Dry Cargo

Brokers cannot agree how many dry bulk ships exist

Extraordinarily varying data sets are making business decisions very hard for the world’s supra and handy owners.

Analysis by Alphabulk, part of AXS Marine, shows a huge variance – close to 1,000 ships – on the existing total bulker fleet (see chart below).

Alphabulk took the bulker fleet numbers from four leading brokers – BRS (its parent), Clarkson, SSY and Braemar ACM and found there was a staggering 977 ship difference between the highest and lowest bulker tallies. The variance was also significant among the four brokers when it came to the bulker newbuild orderbook with a 150-ship difference noted between the highest and lowest tally.

While the numbers for capes and panamaxes are broadly similar, the real divergence comes in the smaller segments, the supramaxes and handysizes.

“[I]t seems that the bigger the ship the higher the consensus on numbers, and the smaller the ship the lower the consensus,” Alphabulk noted in its most recent weekly report, concluding the article by warning: “Just remember that there is probably 20% extra capacity hidden in slow speed!”


Sam Chambers

Starting out with the Informa Group in 2000 in Hong Kong, Sam Chambers became editor of Maritime Asia magazine as well as East Asia Editor for the world’s oldest newspaper, Lloyd’s List. In 2005 he pursued a freelance career and wrote for a variety of titles including taking on the role of Asia Editor at Seatrade magazine and China correspondent for Supply Chain Asia. His work has also appeared in The Economist, The New York Times, The Sunday Times and The International Herald Tribune.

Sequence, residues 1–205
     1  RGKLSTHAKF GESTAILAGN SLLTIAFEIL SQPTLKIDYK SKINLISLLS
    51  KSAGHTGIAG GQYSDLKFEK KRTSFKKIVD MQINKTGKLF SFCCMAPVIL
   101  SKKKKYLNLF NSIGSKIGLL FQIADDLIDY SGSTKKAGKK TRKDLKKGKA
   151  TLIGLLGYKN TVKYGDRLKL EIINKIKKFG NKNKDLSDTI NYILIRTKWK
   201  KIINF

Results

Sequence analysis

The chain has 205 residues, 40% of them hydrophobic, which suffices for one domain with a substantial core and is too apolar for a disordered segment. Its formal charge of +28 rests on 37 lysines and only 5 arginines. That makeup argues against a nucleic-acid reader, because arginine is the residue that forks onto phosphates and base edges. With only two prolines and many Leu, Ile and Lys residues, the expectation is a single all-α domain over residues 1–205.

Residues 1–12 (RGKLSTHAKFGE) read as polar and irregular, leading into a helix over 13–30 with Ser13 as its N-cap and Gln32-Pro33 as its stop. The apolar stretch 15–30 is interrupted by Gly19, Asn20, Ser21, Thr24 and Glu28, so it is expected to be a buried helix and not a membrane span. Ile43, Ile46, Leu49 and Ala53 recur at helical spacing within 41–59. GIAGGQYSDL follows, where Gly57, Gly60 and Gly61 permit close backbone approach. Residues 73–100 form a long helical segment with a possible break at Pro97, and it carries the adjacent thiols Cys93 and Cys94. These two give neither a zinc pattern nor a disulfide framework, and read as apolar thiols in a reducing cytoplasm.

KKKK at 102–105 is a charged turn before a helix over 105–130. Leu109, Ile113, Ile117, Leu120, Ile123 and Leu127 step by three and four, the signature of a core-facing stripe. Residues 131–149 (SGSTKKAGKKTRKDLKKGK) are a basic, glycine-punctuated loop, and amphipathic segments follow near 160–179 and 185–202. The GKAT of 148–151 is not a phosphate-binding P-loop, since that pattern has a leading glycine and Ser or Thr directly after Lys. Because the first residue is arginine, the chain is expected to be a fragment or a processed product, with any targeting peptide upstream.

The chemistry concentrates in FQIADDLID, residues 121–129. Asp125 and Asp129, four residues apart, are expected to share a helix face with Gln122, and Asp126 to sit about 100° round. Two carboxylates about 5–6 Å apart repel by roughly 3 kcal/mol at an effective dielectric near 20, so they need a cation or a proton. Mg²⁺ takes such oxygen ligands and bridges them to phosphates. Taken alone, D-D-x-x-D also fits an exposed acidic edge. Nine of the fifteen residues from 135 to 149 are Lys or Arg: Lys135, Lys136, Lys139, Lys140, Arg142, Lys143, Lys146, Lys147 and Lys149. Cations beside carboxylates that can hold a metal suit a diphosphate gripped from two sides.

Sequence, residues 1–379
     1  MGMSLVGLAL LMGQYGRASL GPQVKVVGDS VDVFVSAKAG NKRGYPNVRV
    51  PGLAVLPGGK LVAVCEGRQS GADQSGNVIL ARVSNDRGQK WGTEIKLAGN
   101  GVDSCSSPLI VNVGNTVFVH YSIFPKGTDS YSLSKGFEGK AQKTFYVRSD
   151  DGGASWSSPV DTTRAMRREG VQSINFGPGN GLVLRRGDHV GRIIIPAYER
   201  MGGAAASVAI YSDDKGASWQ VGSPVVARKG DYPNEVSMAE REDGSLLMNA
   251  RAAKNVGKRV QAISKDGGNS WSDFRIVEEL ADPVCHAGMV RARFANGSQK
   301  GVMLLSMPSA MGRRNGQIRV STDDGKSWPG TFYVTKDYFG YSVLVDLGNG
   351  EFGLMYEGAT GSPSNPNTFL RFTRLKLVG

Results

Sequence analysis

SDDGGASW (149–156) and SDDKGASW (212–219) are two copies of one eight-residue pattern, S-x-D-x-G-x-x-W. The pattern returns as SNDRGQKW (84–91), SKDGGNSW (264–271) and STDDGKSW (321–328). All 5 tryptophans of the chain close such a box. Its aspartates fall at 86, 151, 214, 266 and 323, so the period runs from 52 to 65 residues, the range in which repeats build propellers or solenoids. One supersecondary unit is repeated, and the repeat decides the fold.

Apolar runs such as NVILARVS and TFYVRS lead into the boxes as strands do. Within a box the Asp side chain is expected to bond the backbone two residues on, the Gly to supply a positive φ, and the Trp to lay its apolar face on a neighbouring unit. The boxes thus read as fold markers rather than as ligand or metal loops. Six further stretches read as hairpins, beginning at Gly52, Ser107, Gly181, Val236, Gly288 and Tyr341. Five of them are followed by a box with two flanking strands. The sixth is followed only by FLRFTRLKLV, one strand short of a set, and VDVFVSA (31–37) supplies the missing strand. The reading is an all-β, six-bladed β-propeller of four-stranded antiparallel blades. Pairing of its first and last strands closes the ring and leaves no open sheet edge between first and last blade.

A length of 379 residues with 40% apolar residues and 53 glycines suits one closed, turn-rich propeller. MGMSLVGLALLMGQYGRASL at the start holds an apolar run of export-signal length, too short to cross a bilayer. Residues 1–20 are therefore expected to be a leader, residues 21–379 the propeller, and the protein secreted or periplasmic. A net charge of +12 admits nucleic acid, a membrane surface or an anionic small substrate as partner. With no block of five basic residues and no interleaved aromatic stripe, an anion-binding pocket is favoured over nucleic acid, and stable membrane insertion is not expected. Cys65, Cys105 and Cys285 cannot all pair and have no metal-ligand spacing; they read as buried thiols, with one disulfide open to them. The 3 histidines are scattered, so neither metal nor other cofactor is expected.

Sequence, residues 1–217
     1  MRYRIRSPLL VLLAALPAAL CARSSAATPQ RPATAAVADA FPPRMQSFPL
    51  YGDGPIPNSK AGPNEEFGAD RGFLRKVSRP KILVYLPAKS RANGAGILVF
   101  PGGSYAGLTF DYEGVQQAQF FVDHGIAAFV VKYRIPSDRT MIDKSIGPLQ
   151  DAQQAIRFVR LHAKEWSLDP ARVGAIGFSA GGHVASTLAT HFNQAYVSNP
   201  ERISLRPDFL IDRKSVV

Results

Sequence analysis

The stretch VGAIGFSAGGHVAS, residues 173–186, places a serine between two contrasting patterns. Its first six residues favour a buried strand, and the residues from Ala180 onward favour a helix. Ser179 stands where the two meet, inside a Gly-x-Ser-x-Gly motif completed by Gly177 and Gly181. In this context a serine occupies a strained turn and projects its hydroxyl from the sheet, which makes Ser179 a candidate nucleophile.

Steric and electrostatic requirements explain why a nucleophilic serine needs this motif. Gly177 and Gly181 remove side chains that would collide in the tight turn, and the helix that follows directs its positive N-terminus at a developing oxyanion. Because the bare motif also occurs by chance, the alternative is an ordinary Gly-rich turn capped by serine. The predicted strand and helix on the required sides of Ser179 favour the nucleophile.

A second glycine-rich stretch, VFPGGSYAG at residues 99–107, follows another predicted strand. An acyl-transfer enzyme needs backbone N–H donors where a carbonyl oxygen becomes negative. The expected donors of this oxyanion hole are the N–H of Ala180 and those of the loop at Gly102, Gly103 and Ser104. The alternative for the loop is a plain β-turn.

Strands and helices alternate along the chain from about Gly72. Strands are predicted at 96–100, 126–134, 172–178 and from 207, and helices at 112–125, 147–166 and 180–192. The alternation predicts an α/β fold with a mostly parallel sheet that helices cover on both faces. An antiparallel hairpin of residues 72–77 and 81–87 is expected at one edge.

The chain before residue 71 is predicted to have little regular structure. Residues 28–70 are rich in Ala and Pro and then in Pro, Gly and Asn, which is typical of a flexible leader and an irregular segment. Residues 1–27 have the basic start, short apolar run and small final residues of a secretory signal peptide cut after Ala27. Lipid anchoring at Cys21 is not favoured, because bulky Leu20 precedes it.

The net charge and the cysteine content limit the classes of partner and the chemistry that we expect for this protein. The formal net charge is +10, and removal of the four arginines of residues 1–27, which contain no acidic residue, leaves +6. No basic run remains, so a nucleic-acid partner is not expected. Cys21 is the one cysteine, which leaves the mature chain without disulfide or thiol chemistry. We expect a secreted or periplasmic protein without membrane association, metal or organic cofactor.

1. Newbuild book likely varies mostly because of options which
    may or may not be exercised. Such huge variation on
    existing vessels makes no sense, considering the massive
    numbercrunching available to the industry these days.
    What do the research depts at the brokers say??

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